Well, “bad times” is clearly a very relative description of life in Longyearbyen. We are having a good life. No bombs are falling from the sky. Just rain. But, hey … rain! In March! And far too much, and a large proportion of the white beauty around is is just melted and flown away during the last couple of days.
A strong low pressure system further south in the north Atlantic has pumped a lot of warm air up north. This warm air incursion brings wind, rain and melting temperatures. Far more of all of these than we actually appreciate.
Our little world up here is melting.
Longyearbyen: rain and meltwater turn streets into little lakes.
This was at least our impression for several days, wherever you turned the eye. Water was falling down from the sky, water turned the snow grey, then dark and finally into water, creating lakes on flat tundra areas. Water broke through the snow in rivers that should remain frozen for several months still.
Rubber boots were the best choice for a little walk. It happens quickly that you make one wrong step and your foot disappears in a deep hole of slush, a very cold and unpleasant mixture of snow and meltwater. On the other hand, it can be slippery and smooth as glass just a step further. It is very popular in Norway to use spikes. A great invention, they have certainly saved many people from broken legs and what not.
Drainages had to be created in many places to prevent the rivers from flooding.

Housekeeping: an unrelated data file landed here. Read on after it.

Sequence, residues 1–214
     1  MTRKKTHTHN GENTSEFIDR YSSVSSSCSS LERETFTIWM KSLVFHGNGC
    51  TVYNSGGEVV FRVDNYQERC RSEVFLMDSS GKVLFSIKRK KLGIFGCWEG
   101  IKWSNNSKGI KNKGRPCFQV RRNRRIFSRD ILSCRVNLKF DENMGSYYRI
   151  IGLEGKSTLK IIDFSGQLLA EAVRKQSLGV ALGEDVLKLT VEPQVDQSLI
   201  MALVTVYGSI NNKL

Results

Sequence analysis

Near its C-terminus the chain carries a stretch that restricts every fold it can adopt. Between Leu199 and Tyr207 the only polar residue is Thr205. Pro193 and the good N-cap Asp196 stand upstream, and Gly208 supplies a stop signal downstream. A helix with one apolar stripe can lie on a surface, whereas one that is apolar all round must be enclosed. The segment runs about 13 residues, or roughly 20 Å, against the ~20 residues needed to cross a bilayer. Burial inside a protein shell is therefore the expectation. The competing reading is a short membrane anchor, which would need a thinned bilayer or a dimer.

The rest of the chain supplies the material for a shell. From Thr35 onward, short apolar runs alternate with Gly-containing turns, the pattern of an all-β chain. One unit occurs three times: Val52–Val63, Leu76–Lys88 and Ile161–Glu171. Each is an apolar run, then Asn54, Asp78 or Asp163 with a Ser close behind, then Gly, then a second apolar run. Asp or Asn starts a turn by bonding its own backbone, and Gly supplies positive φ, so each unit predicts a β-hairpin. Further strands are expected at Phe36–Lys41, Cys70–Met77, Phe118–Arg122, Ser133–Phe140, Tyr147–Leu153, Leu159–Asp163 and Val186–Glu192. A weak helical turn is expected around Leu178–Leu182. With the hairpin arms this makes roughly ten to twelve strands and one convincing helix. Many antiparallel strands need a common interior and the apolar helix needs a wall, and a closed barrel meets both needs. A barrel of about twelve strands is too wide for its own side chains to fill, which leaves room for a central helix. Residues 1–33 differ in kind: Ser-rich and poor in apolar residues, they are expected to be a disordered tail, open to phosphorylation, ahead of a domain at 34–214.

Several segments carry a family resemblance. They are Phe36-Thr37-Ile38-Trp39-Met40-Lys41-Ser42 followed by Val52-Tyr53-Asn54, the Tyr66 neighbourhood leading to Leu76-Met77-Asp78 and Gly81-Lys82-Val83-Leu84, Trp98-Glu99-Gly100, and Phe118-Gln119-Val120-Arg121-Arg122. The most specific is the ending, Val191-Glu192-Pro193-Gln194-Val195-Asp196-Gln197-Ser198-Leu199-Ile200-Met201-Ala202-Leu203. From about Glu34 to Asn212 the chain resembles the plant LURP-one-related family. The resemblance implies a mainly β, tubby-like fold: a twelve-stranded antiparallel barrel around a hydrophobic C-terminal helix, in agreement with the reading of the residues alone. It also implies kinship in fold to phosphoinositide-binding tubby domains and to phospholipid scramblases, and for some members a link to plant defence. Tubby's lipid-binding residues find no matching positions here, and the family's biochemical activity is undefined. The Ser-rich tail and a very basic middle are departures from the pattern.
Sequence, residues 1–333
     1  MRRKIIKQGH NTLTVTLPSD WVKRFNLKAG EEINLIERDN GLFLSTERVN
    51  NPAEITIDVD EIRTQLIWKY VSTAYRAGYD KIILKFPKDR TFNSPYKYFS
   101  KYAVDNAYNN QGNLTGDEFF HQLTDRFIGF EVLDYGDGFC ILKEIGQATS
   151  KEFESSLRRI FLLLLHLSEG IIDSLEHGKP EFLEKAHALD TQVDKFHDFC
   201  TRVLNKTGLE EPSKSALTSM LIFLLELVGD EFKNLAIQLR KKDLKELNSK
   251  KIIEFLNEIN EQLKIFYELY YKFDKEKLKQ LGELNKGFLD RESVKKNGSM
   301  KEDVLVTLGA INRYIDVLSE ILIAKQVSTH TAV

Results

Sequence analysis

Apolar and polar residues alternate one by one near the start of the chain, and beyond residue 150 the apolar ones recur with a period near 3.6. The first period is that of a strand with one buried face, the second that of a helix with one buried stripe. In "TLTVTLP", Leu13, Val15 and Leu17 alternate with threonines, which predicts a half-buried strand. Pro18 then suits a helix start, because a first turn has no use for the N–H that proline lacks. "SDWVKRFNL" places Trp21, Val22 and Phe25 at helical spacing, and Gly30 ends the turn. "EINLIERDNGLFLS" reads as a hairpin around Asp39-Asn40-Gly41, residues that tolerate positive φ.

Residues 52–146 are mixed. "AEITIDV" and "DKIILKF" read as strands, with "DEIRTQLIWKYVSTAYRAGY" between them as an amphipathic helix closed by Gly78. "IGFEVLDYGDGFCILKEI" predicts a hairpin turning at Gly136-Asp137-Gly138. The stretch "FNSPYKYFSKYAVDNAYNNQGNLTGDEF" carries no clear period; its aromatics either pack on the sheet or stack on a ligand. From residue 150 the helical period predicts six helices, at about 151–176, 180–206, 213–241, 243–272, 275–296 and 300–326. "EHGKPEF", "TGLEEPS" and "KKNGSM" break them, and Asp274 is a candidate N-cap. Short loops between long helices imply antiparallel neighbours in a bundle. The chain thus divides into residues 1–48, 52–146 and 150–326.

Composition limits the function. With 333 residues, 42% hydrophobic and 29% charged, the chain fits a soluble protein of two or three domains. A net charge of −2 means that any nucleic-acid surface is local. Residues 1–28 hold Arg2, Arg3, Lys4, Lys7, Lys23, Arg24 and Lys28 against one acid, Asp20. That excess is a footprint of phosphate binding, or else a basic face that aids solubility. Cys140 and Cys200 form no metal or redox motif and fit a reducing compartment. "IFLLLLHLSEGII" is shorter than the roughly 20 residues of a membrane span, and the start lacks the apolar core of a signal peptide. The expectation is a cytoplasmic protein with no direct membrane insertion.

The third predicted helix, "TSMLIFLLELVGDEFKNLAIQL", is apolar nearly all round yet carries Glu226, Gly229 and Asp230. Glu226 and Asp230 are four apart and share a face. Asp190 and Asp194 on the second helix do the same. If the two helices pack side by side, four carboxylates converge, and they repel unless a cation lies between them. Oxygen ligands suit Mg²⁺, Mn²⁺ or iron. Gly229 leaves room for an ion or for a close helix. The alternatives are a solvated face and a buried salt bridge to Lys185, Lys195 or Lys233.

Normal routine in May and June, but very uncommon in March.
For anything further away, any tours out into the arctic winterwonderland of Spitsbergen in the late winter: it is pretty much the only reasonable option to wait until Spitsbergen actually is a winterwonderland again. It wasn’t for days on end, and it still isn’t at the time of writing. Winter will beyond any doubt return. It is not gone, it is just taking a break. It will be colder again, the rivers will freeze again, lakes will turn into ice.
The question is if we get enough snow again to tour reasonably out there in the wild, filling the many dark gaps where the tundra is now free of snow. Let’s hope so, in the interest of all who are coming up here with dreams of the arctic winter. There are many of them in March and April.
Snow mobile routes have turned into slushy snow swamps and lakes. If you drive here, you risk getting stuck and damaging the vegetation under the slush.
Until the snow melt comes in May and finishes this wintern for good.
It is, for good reason, not allowed to drive on natural ground unless it is frozen AND snow-covered. There are those who take a liberal approach to this rule at the end of the season or during warm weather spells, to put it mildly – although it is legally binding. The result looks like this and it will take many years without further disturbance to for the vegetation to recover (Adventdalen, next to the road. Picture taken in june 2019).